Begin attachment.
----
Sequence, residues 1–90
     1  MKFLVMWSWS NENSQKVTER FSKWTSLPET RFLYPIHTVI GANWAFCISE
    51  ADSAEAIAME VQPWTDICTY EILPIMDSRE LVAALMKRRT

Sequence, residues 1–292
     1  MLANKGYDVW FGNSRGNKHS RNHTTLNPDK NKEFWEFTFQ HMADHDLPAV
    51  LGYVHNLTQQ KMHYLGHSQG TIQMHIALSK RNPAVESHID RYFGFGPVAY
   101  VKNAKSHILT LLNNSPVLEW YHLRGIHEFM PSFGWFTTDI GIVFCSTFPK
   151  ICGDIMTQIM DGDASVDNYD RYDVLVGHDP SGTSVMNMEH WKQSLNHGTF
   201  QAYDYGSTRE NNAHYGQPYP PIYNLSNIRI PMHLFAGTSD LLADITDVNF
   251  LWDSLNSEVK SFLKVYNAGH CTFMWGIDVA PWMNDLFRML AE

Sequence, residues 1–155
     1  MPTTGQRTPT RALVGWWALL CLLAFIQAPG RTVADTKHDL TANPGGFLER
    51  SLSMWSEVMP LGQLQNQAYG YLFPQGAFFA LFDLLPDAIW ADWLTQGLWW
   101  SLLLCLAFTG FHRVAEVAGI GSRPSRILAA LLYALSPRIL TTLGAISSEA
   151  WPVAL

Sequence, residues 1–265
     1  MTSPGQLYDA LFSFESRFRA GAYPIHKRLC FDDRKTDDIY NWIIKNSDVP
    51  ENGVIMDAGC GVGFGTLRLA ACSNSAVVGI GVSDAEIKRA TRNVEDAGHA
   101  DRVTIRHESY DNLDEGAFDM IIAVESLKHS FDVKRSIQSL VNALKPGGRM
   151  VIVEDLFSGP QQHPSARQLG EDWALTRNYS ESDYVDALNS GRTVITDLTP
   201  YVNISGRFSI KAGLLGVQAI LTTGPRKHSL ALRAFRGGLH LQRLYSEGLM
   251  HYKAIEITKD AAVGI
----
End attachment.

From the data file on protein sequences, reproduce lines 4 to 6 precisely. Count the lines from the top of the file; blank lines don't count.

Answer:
Sequence, residues 1–292
     1  MLANKGYDVW FGNSRGNKHS RNHTTLNPDK NKEFWEFTFQ HMADHDLPAV
    51  LGYVHNLTQQ KMHYLGHSQG TIQMHIALSK RNPAVESHID RYFGFGPVAY